7. Do you think the very large amount of remains from neolithic periods (the highest in the world) in Ireland has shaped in the literature and psyche of the country?

Interesting question. I don’t know that they have influenced the psyche at a conscious level. But I do know that we (governments over time) have been very lax in appreciating them – exceptions are Newgrange, for example, which you should try and visit when you’re here. 

8. Do you like the Stories of an Irish R. M.? either the stories or the TV show? are the stories of Edith Somerville and Martin Ross mocking or celebrating Irish heritage?

Again, something I remember from my childhood. A different Ireland, or a different picture to the Ireland in which I grew up and in which I now live. I would have to revisit these stories again to answer the question properly. 

9. How important are the famines to the modern Irish psyche? 

I think the notion of ownership and responsibility, as something the famine times might be seen to represent is, in today’s Ireland, very much present. 

10. Does the character of the "stage Irishman" live on still in the heavy drinking, violent, on the dole characters one finds in many contemporary Irish novels?

It seems this question alludes to the notion of taking something real and exaggerating it for the sake of fiction. I don’t know that the colonial question haunts us as much as it used to – I think we’ve burdened and repressed ourselves well enough in the last (almost 100) years of independence to stop the finger pointing. We have enough to be writing about without having to create stage personas. 
The Irish writer has always been confronted with a choice. This is the dilemma of whether to write for the native audience – a risky, often thankless task – or to produce texts for consumption in Britain and North America. Through most of the nineteenth century, artists tended to exploit far more of Ireland than they expressed. Cruder performers resorted to stage-Irish effects, to the rollicking note and to “paddy-whackery”, but even those who sought a subtler portraiture often failed, not so much through want of talent as through lack of a native audience. Most of these writers came, inevitably, from the upper classes and their commerce with the full range of Irish society was very limited.

Kiberd, Declan (2009-05-04). Inventing Ireland (p. 136). Random House UK. Kindle Edition. 

I think the notion of choice for the Irish writer - as outlined by Kiberd in your quote - is an interesting notion. It has, in a less obvious way than in previous eras, carried through to the 21st century. Writers such as Julian Gough claim (and somewhat rightly) that many of us are still stuck in the dilemma that Kiberd refers to, thus writing about the same subject matter (the weak fathers, emigration etc) that Irish writers have been writing about for centuries. But I think there is a wave of writers who are not interested in or who do not want to engage with this so-called choice of audiences or, indeed, are not prepared to limit their subject matter - and why should they? I'm thinking of writers such as Kevin Barry with his gritty prose, or poets Noel Duffy and Dave Lordon who have their own very individualistic take on what it means to be Irish and a poet writing and performing in the recession-riddled Ireland of today. I think we should not be restricted in viewing writers through the polarised lens of colonialism or indeed, post-colonialism. I'd be inclined to agree with sociologist Tom Ingles who, at a conference in NUI Maynooth in the summer of 2012, talked about how much Irish identity is tied to the relationship we have and have had with the body. This relationship has been dictated by Church and State (think of the recent reports on the Magdalene Laundries, for example) and we are now in a period - as we all know - of enormous change. And these changes are reflected in and will continue to be seen in how we identify ourselves as Irish, particularly in relation to the body, and more particularly, the female body. This is something, I believe, that can be seen in the writing of many of my contemporary female writers, such as Nuala Ní Chonchúir or Órfhlaith Foyle. So to respond to that first line of the quotation, for me when it comes to writing, the inclination is to write from the gut rather than with a "choice" (of) audience in mind.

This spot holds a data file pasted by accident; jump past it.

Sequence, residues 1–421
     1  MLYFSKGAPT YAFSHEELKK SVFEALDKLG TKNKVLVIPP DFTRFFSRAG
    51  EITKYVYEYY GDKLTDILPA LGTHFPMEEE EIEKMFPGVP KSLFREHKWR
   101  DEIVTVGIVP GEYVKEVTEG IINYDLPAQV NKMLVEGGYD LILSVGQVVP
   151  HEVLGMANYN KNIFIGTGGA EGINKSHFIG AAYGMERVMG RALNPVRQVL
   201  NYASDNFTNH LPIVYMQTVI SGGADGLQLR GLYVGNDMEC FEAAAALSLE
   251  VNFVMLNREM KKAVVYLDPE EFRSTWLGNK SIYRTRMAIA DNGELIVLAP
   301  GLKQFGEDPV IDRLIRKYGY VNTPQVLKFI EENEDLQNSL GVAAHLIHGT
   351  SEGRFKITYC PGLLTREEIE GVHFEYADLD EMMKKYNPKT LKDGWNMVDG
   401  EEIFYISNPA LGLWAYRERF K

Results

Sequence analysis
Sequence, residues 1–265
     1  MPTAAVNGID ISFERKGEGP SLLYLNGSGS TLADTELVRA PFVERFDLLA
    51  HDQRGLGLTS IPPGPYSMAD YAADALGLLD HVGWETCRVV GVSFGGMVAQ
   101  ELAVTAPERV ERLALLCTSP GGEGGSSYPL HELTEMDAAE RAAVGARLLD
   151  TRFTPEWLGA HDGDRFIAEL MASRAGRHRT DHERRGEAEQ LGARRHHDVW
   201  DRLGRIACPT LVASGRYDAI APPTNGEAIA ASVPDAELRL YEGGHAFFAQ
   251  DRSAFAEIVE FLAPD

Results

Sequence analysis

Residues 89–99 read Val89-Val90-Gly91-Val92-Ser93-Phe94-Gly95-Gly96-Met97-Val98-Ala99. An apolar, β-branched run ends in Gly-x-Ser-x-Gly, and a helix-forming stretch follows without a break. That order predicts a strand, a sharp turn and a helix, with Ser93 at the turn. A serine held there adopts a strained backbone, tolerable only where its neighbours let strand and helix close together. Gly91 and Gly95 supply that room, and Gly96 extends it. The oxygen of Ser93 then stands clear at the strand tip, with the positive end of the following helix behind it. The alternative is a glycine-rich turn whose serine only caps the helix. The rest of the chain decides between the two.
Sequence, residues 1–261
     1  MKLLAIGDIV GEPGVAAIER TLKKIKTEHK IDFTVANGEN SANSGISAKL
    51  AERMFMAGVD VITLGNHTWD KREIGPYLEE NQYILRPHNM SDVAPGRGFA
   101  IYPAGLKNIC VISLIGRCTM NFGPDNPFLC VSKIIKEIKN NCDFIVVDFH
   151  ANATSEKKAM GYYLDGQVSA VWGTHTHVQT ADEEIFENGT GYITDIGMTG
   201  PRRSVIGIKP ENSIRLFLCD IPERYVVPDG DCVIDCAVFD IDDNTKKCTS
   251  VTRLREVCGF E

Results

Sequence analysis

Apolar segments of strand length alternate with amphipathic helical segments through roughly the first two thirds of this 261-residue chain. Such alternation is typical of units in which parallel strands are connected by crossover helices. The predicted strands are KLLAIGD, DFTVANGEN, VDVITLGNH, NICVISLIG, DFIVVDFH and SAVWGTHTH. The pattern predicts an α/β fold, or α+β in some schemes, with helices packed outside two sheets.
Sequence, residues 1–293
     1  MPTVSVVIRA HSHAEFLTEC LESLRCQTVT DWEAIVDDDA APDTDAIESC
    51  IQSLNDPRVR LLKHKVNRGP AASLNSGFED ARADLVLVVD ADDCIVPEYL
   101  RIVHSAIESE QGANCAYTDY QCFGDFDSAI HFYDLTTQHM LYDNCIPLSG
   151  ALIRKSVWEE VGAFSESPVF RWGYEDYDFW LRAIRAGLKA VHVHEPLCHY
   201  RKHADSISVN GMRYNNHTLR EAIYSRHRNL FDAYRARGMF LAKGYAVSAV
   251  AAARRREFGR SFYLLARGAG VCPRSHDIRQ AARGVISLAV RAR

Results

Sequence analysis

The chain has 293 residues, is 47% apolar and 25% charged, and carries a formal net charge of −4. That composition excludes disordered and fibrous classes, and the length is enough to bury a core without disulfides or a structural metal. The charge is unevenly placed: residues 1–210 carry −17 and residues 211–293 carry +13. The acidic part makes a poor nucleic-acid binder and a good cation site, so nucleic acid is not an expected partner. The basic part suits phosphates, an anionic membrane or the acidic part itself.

11. William Butler Yeats said in "The Literary Movement"-- "“The popular poetry of England celebrates her victories, but the popular poetry of Ireland remembers only defeats and defeated persons”. I see a similarity of this to the heroes of the Philippines. American heroes were all victors, they won wars and achieved independence. The natioonal heroes of the Philippines were almost all ultimately failures, most executed by the Spanish or American rulers. How do you think the fact Yeats is alluding too, assuming you agree, has shaped Irish literature?

It seems Yeats is alluding to the notion – again – of the colonial power asserting its authority and might and the underdog, the colonised left with nothing but its woes. Martyrs make great national heroes; the living generally disappoint. There is something to be said, here, I think, for the number of Irish writers (Joyce, Beckett etc) who have left Ireland and never returned – and wrote kindly and unkindly about the country and its people. 

12. Who was the first great Irish writer who was not at all Anglo/Irish? 

I’d need this question clarified – when you say “Anglo/Irish” are you talking about linguistically, racially, thematically or something else?